Floating the boats.

I don’t know about you but when it comes to the Winterval – that peaceful time between Christmas and New Year when time stands still and pottering about becomes an engrossing occupation – undemanding is the order of the day. Which is why, when the teeniest twinge of cabin fever struck, I turned to one of my favourite walks, one which I have walked, run, pushed a pushchair round for going on 25 years, rain and shine, solo, with friends and en famille. Were the stakes not quite so high I could probably do it blindfold. But that would be a shame because the whole point of this familiar route is that there is always something new to see.

Enough of the build up, where are we? In a word or three, we’re on Bristol’s Floating Harbour embarking on a turn around the harbourside. Beginning at a swing bridge at the entrance to the harbour, we’ll walk up the north bank to the next bridge, cross over and come back down the south side – about 45 minutes at a push,  considerably longer at a saunter. img_0237Off we go.

Even though it was getting on for mid morning by the time we had got ourselves together, the fog was still clinging to the water as we set off, casting a romantic mistiness over the scene, IMG_0247.JPG lending a noble air to Gromit’s profile on the prow,img_0249 and turning our mighty SS Great Britain into a ghostly apparition.IMG_0257.JPG When I first encountered Bristol docks in the late Seventies, it was a heavily polluted industrial wasteland on which the city had turned its back and where, on my first time at the rowing club, I was warned that if I fell in I would have to have my stomach pumped. (Over exaggeration in the face of an impressionable newbie or not, I never went back to find out). Times change and the water is now clean and much of the old port infrastructure has been cleared away for housing, all of which is pricey, some of which has been carefully thought out to add to the attractiveness of the cityscape. And there’s a waterborne community here too.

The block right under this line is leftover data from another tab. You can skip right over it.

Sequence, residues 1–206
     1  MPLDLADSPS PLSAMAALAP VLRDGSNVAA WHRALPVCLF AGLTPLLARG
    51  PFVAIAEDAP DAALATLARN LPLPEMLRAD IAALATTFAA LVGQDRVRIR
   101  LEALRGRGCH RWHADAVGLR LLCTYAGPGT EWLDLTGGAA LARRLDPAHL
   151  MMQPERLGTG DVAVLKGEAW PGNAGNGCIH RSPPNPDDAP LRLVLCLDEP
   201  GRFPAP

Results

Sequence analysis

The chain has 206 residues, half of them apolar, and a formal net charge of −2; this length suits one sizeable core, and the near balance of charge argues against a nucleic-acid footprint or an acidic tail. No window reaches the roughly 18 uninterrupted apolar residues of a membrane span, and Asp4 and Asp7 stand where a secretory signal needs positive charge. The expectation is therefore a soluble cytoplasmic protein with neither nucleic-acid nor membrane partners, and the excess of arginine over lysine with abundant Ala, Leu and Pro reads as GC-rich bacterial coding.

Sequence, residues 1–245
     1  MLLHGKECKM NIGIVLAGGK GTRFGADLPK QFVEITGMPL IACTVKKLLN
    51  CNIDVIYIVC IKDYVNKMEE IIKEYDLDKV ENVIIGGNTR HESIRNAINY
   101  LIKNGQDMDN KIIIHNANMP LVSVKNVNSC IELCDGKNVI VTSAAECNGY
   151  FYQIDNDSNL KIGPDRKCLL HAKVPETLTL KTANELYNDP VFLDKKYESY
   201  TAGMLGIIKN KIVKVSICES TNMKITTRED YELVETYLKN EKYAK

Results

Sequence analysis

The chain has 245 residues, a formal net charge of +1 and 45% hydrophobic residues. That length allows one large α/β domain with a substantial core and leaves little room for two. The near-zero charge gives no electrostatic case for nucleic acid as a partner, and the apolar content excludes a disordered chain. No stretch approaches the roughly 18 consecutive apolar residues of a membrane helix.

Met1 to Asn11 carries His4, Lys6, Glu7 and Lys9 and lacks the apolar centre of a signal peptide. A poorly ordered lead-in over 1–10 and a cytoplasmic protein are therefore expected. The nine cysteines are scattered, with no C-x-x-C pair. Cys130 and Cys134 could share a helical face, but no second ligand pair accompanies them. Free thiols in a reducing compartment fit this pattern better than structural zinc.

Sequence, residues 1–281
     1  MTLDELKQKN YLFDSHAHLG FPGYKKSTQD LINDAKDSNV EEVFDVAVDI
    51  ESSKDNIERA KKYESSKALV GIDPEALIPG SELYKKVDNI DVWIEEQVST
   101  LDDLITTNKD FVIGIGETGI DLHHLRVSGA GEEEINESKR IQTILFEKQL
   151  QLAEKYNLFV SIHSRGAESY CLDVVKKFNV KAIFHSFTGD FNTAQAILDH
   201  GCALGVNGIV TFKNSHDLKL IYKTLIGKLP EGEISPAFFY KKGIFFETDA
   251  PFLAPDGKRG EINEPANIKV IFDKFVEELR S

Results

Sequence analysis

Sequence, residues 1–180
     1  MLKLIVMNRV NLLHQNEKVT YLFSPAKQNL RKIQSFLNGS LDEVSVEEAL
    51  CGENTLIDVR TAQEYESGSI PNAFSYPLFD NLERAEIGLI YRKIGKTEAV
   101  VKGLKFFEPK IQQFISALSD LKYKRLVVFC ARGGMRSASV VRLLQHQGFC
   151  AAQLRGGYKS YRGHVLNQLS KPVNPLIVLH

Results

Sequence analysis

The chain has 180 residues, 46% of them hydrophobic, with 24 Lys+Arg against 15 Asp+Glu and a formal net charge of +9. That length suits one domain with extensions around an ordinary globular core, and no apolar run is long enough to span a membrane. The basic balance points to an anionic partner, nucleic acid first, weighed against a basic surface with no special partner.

In amongst all of this, towards the centre of town, is a corporate headquarters which is also making sterling efforts to add to the gaiety of nations. img_0277Well played, Lloyds Bank, for taking the circular theme and running with it to such pleasing effect.